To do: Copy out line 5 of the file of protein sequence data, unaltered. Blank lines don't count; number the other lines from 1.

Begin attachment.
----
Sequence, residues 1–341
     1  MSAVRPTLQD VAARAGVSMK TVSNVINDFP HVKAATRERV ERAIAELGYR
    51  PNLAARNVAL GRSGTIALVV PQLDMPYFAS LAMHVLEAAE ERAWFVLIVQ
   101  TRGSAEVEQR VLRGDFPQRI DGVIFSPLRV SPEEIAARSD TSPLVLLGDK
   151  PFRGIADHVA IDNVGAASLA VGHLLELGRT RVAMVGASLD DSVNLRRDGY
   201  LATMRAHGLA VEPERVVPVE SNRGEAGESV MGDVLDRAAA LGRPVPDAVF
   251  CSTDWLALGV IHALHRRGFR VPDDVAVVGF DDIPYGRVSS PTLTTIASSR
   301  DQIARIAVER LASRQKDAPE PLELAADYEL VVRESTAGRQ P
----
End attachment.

   151  PFRGIADHVA IDNVGAASLA VGHLLELGRT RVAMVGASLD DSVNLRRDGY